Thursday, October 2, 2008

Are we getting anywhere with this?

Since my last post was about the enormous debt that we've incurred as a country, here's a quick observation on where some of that money is going. We'll spend around $40 billion (!) this year in the war on drugs, and by the government's own standard, we're accomplishing nothing! We're also around a million and a half people for drug offenses, and yet drugs remain cheap, legal, and popular. Bjorn Lomberg, founder of the Copenhagen Consensus Center, estimates that spending $200 million per year could prevent 300,000 deaths from heart disease in developing countries. Basically by distributing aspirin based medication. He doesn't mention it, but I would think that the people this would help are older and probably wiser, and exactly the kind of people you'd want to help in these regions. The drug war seems to be something that everyone hates, and yet no one will stand up and say something about because they are afraid. Maybe in a time of national crisis like this, we can find the courage to speak out.

Time to Save

I just read an article in the NYT that detailed the fear of the credit crisis affecting Silicon Valley. Apparently Apple has lost around 16% of it's market value, as investors believe that people won't spend as much money on things like Ipods and Iphones over the holiday season. I think that they very likely won't. And shouldn't. But is that the end of the world? With the government nearly $10 trillion in debt, and with all of us about to face an explosion of Social Security, Medicare, and Medicaid expenditures that will make the current crisis seem like the broken light bulb you fix in your house just before the roof falls in, we probably shouldn't be buying that extra Ipod or that new TV. On the other hand, as long as government keeps saying that it has everything under control, why should we worry?

Wednesday, October 1, 2008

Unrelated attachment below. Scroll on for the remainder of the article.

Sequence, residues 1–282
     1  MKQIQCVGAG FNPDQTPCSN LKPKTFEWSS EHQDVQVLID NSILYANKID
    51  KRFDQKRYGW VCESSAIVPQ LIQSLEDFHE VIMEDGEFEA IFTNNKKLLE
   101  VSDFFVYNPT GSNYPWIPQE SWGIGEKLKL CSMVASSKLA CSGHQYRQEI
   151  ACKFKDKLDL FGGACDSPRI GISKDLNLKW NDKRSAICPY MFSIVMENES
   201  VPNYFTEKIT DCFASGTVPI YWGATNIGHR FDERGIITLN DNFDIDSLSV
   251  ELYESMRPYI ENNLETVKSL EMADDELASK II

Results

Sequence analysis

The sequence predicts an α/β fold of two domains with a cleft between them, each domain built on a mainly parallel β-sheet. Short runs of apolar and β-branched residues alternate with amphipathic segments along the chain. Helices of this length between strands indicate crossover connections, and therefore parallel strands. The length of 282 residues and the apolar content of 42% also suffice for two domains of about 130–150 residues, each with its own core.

Value II

Speaking of value, Paulson is claiming that the reason these mortgage-backed securities are untradeable is because no one knows what they’re worth, and therefore can’t price them. His original plan claimed to use the the $700 billion as a method of “price discovery”, whereby he would set a market price for these securities. Which is a crock of shit.

Why does he think he knows better than all these firms (who deal with this every day), what the market value of these securities should be?. Paulson is an educated man. He knows better. Therefore, he has to be lying.

But watching CNBC today, with all these people throwing ideas around , and the market reacting every time someone important opened their mouth, it occurred to me that the real reason that the market for these securities is non-existent is not because no one has any idea what they are worth, but because no one has any idea what they’ll be worth tomorrow!

If the government is going to go in and buy $700 billion worth of securities, then that will change what they are worth today. But because we have no idea what the government is going to do, we have no idea what these things are worth.

If Congress and the President would simply say that no bailout is going to happen, then people could move forward with figuring out what things are actually worth. And the corollary, of course, is that if we just bail companies out all the time, arbitrarily, then their value will tend to be arbitrary and capricious.


We’ve been hearing a lot about how these mortgage-backed securities are becoming nearly worthless. You might ask yourself why this could be. If these securities are being sold for 20 cents on the dollar, does that mean that 80% of people are being foreclosed on?

No, it doesn’t. But it brings up an interesting point that I think we should be talking about. And that is the concept of value. Part of the problem is that firms are unable to value these securities properly, which is a problem, because you can’t trade securities if you don’t know what they’re worth.